Schools working in partnership with parents is nothing new. It was a major focus of the Early Years framework from around 2012, when it was identified as a key factor in improving children’s learning and development.
As children get older, parents often take a step back from engaging with schools. Home based learning during COVID lockdowns certainly alerted many parents to the difficulties in supporting their children’s education.
While schools often focus on parental involvement, it can be challenging for parents to identify how they can support their children effectively with their education. They may fear that their lack of knowledge hinders them or worry they don’t have the time to make a difference.
Let’s look at some ways parents can support their children at school to build a positive outcome.
Start a Conversation
When asked how their day has gone, children’s gruff responses can be off-putting. It can dissuade parents from having these conversations.
However, these chats are essential as they establish an interest in their school life and build an opportunity to spot worrying changes in their child’s mood or behaviours.
Persevering with school themed chats will give children time to express their feelings without judgement. It could also help pick up potential mental health problems early.
Build a Relationship with Teachers
One of the best pieces of advice a teacher will give is for parents to let them know when there are problems or concerns at home. Similarly, parents will want to know if a teacher is concerned about their child.
Both parents and teachers can only support a child if they understand what is happening in their life. Now, we don’t mean becoming THAT parent who wants to chat with the teacher every day, but it is crucial to let a teacher know about bigger issues such as when a child has suffered a bereavement, if there are family issues or when a parent is away from home.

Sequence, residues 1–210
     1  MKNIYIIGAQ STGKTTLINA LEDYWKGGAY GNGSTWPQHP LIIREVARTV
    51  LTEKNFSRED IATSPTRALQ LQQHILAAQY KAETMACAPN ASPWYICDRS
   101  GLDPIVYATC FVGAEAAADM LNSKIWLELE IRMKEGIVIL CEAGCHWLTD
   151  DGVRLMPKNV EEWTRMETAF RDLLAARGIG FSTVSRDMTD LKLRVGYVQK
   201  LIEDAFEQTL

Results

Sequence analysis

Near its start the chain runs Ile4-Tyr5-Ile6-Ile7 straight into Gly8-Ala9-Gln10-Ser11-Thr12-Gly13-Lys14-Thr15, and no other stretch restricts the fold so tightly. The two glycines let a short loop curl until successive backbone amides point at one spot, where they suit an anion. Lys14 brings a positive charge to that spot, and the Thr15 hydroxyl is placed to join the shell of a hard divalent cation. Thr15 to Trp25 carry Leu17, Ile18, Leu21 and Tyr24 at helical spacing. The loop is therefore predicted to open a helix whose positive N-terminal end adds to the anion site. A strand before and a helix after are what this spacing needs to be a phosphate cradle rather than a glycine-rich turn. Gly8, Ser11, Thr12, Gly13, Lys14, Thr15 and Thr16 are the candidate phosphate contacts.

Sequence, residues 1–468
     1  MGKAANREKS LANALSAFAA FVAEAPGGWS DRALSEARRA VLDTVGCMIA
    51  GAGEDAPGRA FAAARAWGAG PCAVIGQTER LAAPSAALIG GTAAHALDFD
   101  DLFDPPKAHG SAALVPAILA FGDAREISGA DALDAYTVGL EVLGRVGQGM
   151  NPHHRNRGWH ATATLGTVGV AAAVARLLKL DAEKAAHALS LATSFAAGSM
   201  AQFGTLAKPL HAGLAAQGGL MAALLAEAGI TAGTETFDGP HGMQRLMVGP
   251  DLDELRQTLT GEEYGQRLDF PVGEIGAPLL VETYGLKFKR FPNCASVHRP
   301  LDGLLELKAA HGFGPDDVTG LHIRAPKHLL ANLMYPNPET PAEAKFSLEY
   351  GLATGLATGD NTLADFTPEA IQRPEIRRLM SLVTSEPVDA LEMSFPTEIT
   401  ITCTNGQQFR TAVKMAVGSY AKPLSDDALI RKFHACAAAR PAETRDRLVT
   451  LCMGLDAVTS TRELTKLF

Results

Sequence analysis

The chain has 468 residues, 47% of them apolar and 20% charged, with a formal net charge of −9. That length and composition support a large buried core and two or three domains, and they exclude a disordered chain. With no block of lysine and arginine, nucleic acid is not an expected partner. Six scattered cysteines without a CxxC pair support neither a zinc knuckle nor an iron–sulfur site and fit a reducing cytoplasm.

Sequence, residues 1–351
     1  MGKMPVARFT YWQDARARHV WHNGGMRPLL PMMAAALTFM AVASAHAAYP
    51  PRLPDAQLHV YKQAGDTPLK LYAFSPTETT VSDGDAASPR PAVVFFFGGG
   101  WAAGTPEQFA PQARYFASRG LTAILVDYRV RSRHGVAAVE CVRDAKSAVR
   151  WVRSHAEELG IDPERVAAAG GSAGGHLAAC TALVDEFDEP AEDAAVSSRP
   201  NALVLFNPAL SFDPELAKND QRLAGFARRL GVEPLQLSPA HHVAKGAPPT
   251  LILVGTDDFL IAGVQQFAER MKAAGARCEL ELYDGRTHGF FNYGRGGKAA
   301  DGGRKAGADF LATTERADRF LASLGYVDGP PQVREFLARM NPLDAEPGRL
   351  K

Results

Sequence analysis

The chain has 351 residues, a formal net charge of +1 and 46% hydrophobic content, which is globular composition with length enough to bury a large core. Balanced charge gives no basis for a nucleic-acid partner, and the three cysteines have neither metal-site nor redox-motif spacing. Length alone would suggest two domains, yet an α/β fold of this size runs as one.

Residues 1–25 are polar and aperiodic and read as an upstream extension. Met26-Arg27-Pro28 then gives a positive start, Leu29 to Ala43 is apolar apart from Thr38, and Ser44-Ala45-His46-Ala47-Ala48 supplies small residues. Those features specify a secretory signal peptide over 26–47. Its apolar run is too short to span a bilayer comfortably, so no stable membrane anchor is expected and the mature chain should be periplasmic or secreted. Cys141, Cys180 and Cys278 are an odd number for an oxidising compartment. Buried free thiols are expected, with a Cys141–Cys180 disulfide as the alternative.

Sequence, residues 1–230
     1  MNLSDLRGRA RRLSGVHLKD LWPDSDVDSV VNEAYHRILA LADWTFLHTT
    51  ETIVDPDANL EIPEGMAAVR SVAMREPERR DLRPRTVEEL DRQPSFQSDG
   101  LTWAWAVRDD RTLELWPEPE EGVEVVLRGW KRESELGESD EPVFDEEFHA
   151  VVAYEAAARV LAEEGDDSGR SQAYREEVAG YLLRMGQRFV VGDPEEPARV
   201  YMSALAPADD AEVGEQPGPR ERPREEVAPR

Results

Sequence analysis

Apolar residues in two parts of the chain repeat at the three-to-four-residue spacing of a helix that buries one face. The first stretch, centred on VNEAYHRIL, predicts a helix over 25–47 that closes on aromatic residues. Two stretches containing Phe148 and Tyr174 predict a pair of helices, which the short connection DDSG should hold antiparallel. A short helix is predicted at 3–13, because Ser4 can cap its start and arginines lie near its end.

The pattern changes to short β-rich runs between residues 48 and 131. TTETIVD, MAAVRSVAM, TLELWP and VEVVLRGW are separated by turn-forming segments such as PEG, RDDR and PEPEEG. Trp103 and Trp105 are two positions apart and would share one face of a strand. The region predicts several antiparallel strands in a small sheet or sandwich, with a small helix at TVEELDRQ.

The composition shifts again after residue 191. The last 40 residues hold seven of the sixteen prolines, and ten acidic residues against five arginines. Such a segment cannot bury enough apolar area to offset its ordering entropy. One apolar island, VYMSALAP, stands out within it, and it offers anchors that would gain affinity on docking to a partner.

Knowing a bit about the background can help a teacher understand unusual behaviour, adapt their expectations and provide appropriate support to a child whilst they are in the classroom.
Should parents help with homework?
Homework gives students a chance to work independently, but that doesn’t mean parents shouldn’t take an interest.
Asking questions about homework can give parents an idea about what their children are learning and help them see if their child is coping with the difficulty.
Parents can provide encouragement and some support and let a teacher know if a child cannot complete homework despite putting in the effort. Together they can come up with a plan to make assignments more successful.
How do parents support challenging behaviour?
Difficulties with behaviour are often a sign that a child is struggling and not coping. It will undoubtedly affect their learning.
Consistency is essential when supporting children and young people with behaviour. Good communication between teachers, parents and children can make a huge difference in how well a child is supported.
It can help identify possible causes of changes in behaviour and then put strategies in place that will improve things.
Essentially, parents should be encouraged to support schools and not ignore any difficulties, while schools should listen to parents and children to discover the underlying reasons for the challenges.